Upcoming Nature Photography Events at the National Fish and Wildlife Conservation Center

Posted by  | January 25, 2013  at 2:08 PM  

The last time I tried my hand at "nature photography" I ended up on my backside sliding down a rather steep embankment straight into a creek, or in this case I'm pretty sure it was a crick. Don't worry though, I went down holding my camera above my head to keep it out of harms way. While my Nikon came out unscathed, I wish I could same the same for my dignity; I'm pretty sure I saw some squirrels pointing and laughing.

My antics aside, for those of you looking to brave the great outdoors for some wild, wonderful shots, the Potomac Valley Nature Photographers (PVNP) will be hosting some great events over the next couple months. The first event will be a presentation and the second a hands-on workshop. Information on both events is outlined below and there are more details on both after the break.

Remember: if (when) you fall to hold your camera high and if you thought squirrels were snarky, just keep in mind those rascally rabbits are totally ruthless ;)
 
What
Jim Clark Presentation
"Life through the Lens: Notes from the Field; Lessons from the Heart"
 
When
February 8, 2013
7PM
 
Where
National Conservation Training Center
698 Conservation Way
Shepherdstown, WV 25443
 
Cost
FREE
 
***********************************************
What
Nature Photography Workshop
 
When
March 2, 2013
8AM to 4PM
(Pre-registration is required)
 
Where
National Conservation Training Center
698 Conservation Way  25443
Shepherdstown, WV
 
Cost
$125

Vote for Shepherdstown in Budget Travel's Search for America's Coolest Small Town!

Posted by  | January 18, 2013  at 8:35 AM  
               
Shepherdstown, WV, has made it to the final round of voting in Budget Travel's search to find America's Coolest Small Town!

If you're a frequent reader of this blog, you know I love Shepherdstown. From the food to the music to the people--Shepherdstown is more than cool, it's a bit of utopia disguised as small town in the Eastern Panhandle of West Virginia.

I could give you 100's of reasons why Shepherdstown deserves this title, but here are a few old posts that should do the trick.


   
   
     
    
   
   
     
   

Below is a peek of Shepherdstown's blurb on the Budget Travel Website, but you must visit the site to vote!

To vote for Shepherdstown visit Budget Travel's website: http://www.budgettravel.com/contest/americas-coolest-small-towns-2013,14/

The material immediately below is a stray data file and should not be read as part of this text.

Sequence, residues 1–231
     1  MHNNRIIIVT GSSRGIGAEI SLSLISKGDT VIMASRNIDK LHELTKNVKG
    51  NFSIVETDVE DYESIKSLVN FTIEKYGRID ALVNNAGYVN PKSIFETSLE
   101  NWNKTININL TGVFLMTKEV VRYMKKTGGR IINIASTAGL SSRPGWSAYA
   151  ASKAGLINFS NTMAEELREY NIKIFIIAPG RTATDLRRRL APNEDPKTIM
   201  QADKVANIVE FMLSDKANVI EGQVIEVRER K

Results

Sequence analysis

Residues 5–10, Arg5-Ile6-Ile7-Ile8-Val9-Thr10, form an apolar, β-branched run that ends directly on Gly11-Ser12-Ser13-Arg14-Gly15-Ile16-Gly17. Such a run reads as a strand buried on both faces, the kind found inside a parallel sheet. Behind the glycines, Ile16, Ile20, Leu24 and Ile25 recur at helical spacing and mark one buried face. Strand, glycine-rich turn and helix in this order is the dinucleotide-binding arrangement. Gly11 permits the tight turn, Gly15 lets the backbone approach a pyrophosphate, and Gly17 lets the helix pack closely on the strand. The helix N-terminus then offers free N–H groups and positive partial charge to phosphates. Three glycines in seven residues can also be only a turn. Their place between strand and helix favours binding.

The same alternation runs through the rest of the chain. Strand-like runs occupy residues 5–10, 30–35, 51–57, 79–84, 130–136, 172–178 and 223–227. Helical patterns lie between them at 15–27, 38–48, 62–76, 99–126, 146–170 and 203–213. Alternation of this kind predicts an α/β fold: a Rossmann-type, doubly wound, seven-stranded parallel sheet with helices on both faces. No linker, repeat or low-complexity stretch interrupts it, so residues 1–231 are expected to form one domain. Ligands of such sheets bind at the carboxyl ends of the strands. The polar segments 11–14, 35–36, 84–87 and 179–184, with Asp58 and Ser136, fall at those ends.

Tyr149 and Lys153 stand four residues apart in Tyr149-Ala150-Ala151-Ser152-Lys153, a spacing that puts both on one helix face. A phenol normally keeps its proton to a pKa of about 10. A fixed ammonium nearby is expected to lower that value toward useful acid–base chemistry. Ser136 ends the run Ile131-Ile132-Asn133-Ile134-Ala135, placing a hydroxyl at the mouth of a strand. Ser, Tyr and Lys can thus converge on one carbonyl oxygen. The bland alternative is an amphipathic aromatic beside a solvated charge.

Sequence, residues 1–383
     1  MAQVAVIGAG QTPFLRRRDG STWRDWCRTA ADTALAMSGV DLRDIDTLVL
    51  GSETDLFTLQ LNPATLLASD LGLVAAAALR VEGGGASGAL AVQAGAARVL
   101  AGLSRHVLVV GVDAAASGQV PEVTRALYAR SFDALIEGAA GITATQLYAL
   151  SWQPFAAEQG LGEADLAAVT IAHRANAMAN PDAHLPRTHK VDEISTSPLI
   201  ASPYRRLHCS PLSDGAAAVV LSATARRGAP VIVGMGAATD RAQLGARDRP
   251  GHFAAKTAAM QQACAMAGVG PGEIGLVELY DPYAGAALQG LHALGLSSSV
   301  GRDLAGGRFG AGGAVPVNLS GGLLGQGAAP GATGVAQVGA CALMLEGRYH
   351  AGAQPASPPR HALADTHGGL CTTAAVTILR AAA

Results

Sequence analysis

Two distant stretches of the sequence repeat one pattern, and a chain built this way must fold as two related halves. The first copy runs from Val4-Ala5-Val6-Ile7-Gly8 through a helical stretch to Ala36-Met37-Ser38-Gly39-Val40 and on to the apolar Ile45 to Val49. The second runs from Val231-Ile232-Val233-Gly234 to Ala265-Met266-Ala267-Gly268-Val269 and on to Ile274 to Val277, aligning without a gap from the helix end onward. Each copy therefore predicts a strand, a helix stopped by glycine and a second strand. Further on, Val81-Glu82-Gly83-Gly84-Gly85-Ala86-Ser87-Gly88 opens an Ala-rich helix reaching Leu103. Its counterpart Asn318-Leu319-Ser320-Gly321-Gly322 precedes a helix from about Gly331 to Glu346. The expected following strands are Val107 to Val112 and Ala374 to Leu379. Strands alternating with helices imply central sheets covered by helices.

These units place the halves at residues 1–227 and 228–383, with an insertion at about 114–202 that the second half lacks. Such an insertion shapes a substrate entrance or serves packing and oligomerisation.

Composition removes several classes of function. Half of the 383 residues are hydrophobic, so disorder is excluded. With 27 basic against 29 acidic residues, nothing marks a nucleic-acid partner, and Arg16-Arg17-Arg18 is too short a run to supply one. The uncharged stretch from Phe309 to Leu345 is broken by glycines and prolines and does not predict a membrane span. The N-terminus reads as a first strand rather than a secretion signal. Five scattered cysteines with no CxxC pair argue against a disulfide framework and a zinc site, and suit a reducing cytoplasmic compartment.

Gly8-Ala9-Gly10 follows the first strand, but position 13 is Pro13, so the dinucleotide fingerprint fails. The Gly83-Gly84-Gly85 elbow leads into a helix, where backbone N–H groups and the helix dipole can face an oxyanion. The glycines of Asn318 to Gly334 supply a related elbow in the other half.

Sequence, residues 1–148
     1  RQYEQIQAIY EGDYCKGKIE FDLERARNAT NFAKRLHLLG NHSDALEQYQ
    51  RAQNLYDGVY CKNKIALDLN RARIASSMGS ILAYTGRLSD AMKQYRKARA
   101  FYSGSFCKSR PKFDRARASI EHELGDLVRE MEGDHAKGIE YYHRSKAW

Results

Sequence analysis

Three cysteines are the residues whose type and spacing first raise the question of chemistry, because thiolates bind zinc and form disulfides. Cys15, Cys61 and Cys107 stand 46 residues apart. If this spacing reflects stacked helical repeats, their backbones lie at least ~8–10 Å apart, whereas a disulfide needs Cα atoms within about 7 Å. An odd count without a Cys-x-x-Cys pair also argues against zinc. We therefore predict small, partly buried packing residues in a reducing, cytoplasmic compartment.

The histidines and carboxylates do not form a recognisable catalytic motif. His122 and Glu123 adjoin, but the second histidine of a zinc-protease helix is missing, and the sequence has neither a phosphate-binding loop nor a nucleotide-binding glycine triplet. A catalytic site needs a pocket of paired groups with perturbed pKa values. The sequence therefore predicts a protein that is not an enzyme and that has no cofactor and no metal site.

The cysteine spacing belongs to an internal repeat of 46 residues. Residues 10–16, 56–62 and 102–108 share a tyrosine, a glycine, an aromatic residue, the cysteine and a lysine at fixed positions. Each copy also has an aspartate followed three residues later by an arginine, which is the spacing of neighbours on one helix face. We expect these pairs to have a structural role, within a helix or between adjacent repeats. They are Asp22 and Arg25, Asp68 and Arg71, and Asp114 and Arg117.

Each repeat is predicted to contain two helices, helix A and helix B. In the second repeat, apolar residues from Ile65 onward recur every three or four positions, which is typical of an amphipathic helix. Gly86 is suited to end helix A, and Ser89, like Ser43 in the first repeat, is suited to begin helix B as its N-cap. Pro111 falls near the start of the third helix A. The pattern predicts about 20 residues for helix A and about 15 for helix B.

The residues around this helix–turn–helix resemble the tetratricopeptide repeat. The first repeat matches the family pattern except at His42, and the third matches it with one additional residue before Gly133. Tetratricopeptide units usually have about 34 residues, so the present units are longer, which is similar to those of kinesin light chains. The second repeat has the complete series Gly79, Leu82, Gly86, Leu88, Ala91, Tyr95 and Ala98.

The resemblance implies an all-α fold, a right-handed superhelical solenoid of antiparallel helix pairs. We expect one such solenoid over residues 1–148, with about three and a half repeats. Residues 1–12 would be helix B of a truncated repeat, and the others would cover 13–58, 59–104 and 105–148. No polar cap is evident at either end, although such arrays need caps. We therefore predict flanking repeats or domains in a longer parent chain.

You can vote once a day, so vote EVERY DAY on every "smart" device you can find--you can even try some not-so-smart ones too ;)

Shepherdstown, WV

(Population: 1,734)You might say all roads lead to West Virginia's oldest town, which celebrated its 250th birthday in 2012: The Potomac River, the C&O Canal, and the Appalachian Trail all pass through this Revolutionary War-era town in the lower Shenandoah Valley. But look behind those preserved 18th-century brick facades for surprisingly cool signs of life—this place is by no means a living museum. Housed in a Confederate hospital, the Mecklenburg Inn is known for its live bluegrass music and was named one of the best bars in America by Esquire. And the sophisticated Bistro 112 is housed in an 1830s brick building that once served as the town's haberdasher. The Contemporary American Theater Festival at Shepherd University stages productions from renowned playwrights like Neil LaBute, David Mamet, and Sam Shepard.




Indie Adams Morgan: A Must See Music Series in the Admo

Posted by  | January 9, 2013  at 8:51 AM  
 
 
When I told some of my friends, I was going to "The Admo" to check out some bands, I was met with looks of shock and horror. The Adams Morgan (or Admo) bar scene is infamous for being kind of a drunk mess; it's the place you go for 21st birthdays, jumbo slices of pizza, and to pick up boys via chugging contests. I'm pretty sure the last time I went out in the Admo, someone fell down a flight of stairs, someone was slapped with a jumbo slice, then there was something about a paddy wagon--and those were just my friends! I swore off the Admo after that night and stuck to it for about 5 years. So, what on earth possessed me to venture back as an (almost) 30 year old? Music, my friends, music.

The Indie Adams Morgan music series first piqued my attention when I saw something about The Woodshedders headlining "Roots Night." As I did some scouring via the interwebs, I spotted a lot of familiar names on their lineup and was instantly intrigued! Indie Adams Morgan is a series of Thursday night shows held at "Club Heaven" in Adams Morgan. Different weeks have different themes such as Indie, World, Jam, and Roots, and feature up to three bands from that particular genre. This series is set to showcase local (DC) talent as well as some local (WV) acts as well! In addition to The Woodshedders on Roots Night (February 28), Camryn Wessner will be joining People's Blues of Richmond and Sol Roots on February 22 for Jam Night! Other bands I'm excited to see in this series include Funk ArkKings of Belmont, Covered with Jam, and Moogatu; and there are still more additions to come!

Thursday, January 3, was the launch of Indie Adams Morgan and featured local (DC) acts Heather Mae, TheRuinCity, and Vasudeva. I managed to convince a friend to come with me to check things out after quite a few "this isn't typical Adams Morgan, I swear" and the promise of a frosty brew or two. I took it as a very good omen for the evening when I found a parking spot right across the street from Heaven--a slight miracle since parking in the Admo is usually Hell.

While the music is what motivated my outing, the venue, is what really sold me on this series."Club Heaven" is nothing like any of the images in your head right now. The stage area is set up on the 2nd floor of the building, and is in close proximity to both the bar and bathrooms. There's a decent-sized dance floor, but then nested around the room you'll find cozy seating areas, should you just want to sit back and enjoy the show. There's also a balcony area, should you prefer more of a birds-eye view. It's a venue that manages the perfect mix of being both roomy and intimate at the same time.

If the Indie Adams Morgan launch was any indicator of what Thursday's are like in the Admo, sign me up! I can't wait for the next show, and I'm super excited to see this series take-off, so start spreading the word!